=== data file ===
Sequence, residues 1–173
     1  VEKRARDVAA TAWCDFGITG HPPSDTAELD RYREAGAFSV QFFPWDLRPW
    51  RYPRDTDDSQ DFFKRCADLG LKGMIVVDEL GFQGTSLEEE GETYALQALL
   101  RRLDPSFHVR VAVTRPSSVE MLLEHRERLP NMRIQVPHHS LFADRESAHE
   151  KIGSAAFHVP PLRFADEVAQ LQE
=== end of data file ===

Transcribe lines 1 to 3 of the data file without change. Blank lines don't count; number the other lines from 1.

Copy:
Sequence, residues 1–173
     1  VEKRARDVAA TAWCDFGITG HPPSDTAELD RYREAGAFSV QFFPWDLRPW
    51  RYPRDTDDSQ DFFKRCADLG LKGMIVVDEL GFQGTSLEEE GETYALQALL